Liverpool’s attacking struggles
However, for all their success in terms of possession, territory and pressing, Liverpool hardly managed to convert the solid platform they secured into opening up the opposition. There were two main reasons: firstly, it became clear Swansea, like Liverpool, had deviated from their usual formation and lined up in a 4-1-2-3 formation when the starting XI hinted at a 4-2-3-1 one. This made Liverpool’s surprising tweaks and supposed game plan largely redundant, or at least not as suitable as it seemed otherwise. More on Swansea’s approach below.
The other reason was all of Liverpool’s own making. The home struggles to make the new format function properly didn’t help and was arguably the key factor. As a whole the team was obviously not at their best, with mounting fatigue and limited scope for rotation legitimate explanation for the poor touches and the lack of high level movement fluidity and devastating passing fluency seen against Man City. However, there were also certain tactical issues which had at the very least the same negative effect as the fact the players’ lack of full fitness and freshness.
The right-hand side unit did what was expected from them. The trio continually overloaded that side of the pitch, often forcing more Swansea players to shift across to provide cover, which left gaps between the lines and over the opposite channel. But the left-sided trio’s malfunctions, which carried shades of one of the many tactical issues seen under the previous manager, prevented Liverpool’s overall system functioning properly going forward.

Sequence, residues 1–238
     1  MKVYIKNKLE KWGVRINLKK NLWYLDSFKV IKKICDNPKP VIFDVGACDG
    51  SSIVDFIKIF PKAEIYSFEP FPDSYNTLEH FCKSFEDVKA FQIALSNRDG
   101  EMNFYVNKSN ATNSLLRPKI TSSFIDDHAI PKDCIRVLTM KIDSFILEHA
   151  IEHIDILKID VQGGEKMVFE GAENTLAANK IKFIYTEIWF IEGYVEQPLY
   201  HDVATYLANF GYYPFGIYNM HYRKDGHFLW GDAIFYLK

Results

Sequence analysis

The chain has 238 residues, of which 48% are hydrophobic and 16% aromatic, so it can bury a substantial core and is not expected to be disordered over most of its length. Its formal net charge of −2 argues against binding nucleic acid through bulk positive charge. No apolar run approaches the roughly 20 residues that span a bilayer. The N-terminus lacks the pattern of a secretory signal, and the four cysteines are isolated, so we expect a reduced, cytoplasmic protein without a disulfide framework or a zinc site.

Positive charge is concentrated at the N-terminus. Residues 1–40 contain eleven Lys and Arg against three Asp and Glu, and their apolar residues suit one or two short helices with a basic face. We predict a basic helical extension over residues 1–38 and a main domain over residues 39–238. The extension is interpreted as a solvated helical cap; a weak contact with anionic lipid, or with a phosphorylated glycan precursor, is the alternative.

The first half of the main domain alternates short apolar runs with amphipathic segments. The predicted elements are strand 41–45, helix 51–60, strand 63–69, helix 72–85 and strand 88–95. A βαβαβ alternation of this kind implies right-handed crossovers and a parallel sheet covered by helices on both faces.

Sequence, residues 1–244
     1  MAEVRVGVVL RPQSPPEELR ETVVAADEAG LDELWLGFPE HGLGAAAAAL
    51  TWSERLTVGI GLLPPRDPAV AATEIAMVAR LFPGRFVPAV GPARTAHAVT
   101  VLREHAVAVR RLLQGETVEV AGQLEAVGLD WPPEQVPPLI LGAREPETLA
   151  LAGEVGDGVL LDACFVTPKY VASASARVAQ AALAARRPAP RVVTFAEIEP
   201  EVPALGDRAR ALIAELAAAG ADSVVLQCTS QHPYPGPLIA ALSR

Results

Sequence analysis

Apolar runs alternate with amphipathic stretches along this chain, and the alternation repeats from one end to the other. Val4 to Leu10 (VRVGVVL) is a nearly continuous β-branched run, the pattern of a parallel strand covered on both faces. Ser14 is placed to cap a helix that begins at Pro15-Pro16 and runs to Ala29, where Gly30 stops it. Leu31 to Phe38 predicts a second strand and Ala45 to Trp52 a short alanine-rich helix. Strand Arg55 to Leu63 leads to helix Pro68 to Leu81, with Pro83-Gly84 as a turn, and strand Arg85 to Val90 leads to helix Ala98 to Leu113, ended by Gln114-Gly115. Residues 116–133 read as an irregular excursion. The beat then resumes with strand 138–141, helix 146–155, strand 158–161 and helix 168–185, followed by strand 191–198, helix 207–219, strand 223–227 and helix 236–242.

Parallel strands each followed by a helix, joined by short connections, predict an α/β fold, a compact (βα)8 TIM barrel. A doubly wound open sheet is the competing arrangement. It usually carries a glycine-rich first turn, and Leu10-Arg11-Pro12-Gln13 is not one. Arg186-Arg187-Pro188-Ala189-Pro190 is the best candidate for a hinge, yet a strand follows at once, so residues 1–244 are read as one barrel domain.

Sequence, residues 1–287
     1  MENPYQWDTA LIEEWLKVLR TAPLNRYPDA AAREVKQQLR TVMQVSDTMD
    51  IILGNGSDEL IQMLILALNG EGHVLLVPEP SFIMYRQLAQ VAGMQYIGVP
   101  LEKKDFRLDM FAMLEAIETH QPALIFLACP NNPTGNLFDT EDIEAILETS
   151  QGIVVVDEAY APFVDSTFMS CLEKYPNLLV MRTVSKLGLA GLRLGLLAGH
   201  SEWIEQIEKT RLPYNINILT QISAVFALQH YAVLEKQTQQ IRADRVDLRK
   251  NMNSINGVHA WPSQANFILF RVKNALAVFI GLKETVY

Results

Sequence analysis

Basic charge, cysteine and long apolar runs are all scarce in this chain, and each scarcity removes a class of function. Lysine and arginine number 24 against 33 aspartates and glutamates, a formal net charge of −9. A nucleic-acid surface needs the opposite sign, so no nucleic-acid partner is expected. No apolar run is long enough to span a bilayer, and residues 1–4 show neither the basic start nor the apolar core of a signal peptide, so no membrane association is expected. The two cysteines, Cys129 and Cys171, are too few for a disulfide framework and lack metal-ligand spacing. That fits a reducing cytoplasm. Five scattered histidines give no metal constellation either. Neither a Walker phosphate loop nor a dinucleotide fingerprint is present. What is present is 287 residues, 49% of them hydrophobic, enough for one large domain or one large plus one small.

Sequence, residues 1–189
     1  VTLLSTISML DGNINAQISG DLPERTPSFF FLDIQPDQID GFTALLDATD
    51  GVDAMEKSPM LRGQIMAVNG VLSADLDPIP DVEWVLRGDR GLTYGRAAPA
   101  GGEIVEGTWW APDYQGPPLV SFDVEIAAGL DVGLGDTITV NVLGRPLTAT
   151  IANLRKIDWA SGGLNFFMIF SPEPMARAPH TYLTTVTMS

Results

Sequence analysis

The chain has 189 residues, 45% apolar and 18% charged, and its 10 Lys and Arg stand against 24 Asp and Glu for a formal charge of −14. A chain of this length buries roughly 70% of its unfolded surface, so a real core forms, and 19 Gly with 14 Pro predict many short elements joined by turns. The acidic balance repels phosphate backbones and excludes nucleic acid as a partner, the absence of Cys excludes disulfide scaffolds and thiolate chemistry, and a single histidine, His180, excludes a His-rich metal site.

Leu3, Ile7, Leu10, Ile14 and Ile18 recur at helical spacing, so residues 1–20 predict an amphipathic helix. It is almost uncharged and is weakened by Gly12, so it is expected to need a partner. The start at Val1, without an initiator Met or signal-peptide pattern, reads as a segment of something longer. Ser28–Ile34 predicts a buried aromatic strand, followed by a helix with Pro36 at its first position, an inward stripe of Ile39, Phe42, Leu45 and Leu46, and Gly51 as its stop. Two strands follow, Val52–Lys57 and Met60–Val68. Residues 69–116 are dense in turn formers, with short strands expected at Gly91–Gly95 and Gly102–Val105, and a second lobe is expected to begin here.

There were games under Rodgers when Liverpool couldn’t really spread out in attack in a way that naturally provides the intended balance and complementary distribution of players’ positions and roles down the pitch. Instead, certain players looked inhibited and stifled due to duplication with other players’ efforts, which ultimately left the team lacking in attacking diversity. Often, the previous manager’s inappropriate usage of Lallana and Coutinho in either 4-1-2-3 or 4-2-3-1 was the trigger for such tactical problems.
Exactly the same thing happened in this game too – the only difference being that it wasn’t Coutinho taking part but his fellow Brazilian Firmino, and Lallana. Both of them also largely overlapped and ended up duplicating their roles in roughly the same part of the pitch – that inside-left channel between the lines. As a result, both players’ influence was greatly reduced to the point of almost non-existence.